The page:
• G • A • P • S •

Georgia Ancient Philosophy Seminar

GAPS 2019: Stoicism and Skepticism in Dialogue

September 28, 2019

Agnes Scott College

Special thanks to Hal Thorsrud of Agnes Scott College for co-organizing.

▷ READING:

Participants must read closely in advance Epictetus' Encheiridion (Handbook) as well as Book I of Sextus Empiricus' Outlines of Skepticism. For print editions, we recommend the affordable Hackett translations of each text (here and here). Discussion will likely refer to the Hackett page numbers. Alternatively, free online editions are available (here and here). Knowledge of Greek is not necessary to participate, but the Epictetus is available in Greek-English parallel online (here), and Loeb parallel print editions are also available for each text (here and here). Finally, for a brief historical introduction to each of these schools of thought, consider Peter Adamson's podcasts, numbers 52-76 (here).

▷ DISCUSSION:

GAPS involves a series of moderated conversations around a selected text. You may choose any edition or any translation of the text that you wish. Participants are free to enter the conversation at will and without permission, but nobody should feel specifically obligated to speak. The core goal of our discussion is to practice the virtues of respectful dialogue. With this aim in mind, we suggest these additional Conversational Guidelines:

  1. Do the reading. This is the basic requirement for contributing to the conversation.
  2. Avoid chasing topics. The conversation should be textually grounded, so try to avoid ideas that wander from the text.
  3. Avoid appeals to authorities. Only reference other sources or interpretations if you can briefly provide everyone with the relevant context.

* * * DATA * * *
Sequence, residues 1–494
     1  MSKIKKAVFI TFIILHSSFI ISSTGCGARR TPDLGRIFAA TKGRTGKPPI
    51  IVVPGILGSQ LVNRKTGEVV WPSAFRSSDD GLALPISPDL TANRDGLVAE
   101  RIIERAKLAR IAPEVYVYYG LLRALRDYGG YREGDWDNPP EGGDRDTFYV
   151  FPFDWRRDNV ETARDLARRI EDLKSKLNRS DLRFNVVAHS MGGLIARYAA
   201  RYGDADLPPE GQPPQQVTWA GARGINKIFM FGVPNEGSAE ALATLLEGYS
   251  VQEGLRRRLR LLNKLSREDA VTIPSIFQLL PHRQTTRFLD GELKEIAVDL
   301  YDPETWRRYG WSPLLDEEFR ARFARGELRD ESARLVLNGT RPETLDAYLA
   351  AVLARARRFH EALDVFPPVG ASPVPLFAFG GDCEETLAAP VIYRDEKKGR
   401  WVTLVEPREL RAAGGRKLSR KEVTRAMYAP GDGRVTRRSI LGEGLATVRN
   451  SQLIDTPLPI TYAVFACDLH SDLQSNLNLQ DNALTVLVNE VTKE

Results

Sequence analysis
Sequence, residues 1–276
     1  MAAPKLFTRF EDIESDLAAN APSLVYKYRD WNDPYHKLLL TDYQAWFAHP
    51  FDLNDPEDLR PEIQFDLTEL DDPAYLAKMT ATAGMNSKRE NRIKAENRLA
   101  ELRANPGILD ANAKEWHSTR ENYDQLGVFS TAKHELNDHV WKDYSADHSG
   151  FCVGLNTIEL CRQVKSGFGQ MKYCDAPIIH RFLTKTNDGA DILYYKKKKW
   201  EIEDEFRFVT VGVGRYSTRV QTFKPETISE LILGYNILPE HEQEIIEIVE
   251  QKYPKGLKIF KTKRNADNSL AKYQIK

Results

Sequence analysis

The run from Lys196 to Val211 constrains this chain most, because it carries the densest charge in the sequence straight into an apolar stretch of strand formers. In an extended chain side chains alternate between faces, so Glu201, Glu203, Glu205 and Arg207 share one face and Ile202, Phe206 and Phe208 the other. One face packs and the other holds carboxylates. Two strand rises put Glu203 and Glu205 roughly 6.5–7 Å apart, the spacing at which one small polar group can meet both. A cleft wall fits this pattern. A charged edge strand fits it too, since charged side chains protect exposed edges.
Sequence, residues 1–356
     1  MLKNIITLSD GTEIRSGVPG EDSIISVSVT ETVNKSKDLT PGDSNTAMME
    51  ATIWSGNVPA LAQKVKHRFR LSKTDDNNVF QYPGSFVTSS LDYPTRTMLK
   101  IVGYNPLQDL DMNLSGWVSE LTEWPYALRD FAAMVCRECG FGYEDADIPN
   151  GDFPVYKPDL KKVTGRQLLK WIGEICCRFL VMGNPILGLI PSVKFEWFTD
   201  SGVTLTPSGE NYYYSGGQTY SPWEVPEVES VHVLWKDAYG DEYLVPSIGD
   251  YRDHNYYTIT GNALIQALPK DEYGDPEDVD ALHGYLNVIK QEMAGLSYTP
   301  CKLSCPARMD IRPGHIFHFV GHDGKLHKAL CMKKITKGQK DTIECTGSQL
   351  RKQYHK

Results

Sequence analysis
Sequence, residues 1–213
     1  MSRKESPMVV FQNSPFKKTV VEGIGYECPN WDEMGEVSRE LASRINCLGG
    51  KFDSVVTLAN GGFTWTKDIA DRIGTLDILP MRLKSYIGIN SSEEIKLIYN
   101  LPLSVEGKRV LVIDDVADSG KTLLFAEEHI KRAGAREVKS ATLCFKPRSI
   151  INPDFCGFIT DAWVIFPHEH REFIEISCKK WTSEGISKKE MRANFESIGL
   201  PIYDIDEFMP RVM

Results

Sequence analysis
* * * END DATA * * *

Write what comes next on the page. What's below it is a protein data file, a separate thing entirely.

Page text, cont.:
4. Practice conversational courtesy. Listen first. Respond to what was said. Be slow to introduce new topics.
  5. Avoid long speeches. Give room to others to enter the conversation. The moderators reserve the right to break filibusters.
  6. Try to practice the virtues under investigation. Much of ancient philosophy is devoted to exploring the question of the good life. Thus, we should occasionally stop and assess whether/how our conversation enacts (or fails to enact) what we are exploring.

▷ SEMINAR SCHEDULE:

Seminar events will be held on Saturday, September 28th, 10am-5pm, on the campus of Agnes Scott College.

    • 9:30-10am - Coffee/Snack (TBD)
    • 10-11:45am - Session 1: Epictetus (TBD)
      • Introduction: Hal Thorsrud
      • Question: Woody Belangia
    • 12-1:45pm - Lunch (Victory Sandwich Bar)
    • 2-3:30pm - Session 2: Sextus Empiricus (TBD)
      • Question: Hal Thorsrud
    • 3:30-3:45 - Coffee Break
    • 3:45-5pm - Session 3: Dialogue (TBD)
      • Question: TBD
    • 5pm - Optional Town Outing

▷ COST:

Free! Please note: Morning and afternoon coffee will be provided free in the seminar area. However, participants should expect to pay for their own travel, stay, and lunch with the group on Saturday at Victory Sandwich Bar. Everyone is also welcome to stay for food and drinks on the town after the event.

▷ ACCOMMODATIONS:

Agnes Scott College is located only 5-10 minutes' walk from the very nice Decatur Square. Hence, for those planning to stay the night, one interesting option would be to stay at the Anna I. Young Alumnae House on the Agnes Scott College campus. (Please note that there is a two night minimum for Friday or Saturday check-ins.) Alternatively, the Marriott on Decatur Square is a nice option only about 15 minutes walking from our meeting place at Agnes Scott College.

▷ DIRECTIONS AND MAP:

A. Park for free at Agnes Scott College West Parking Garage at South Mcdonough Street and Buttrick Drive. Further directions forthcoming.

B. Or park street-side for free on Milton Candler Lane (Loop), found just off of East College Avenue at the main entrance to the College. Further directions forthcoming.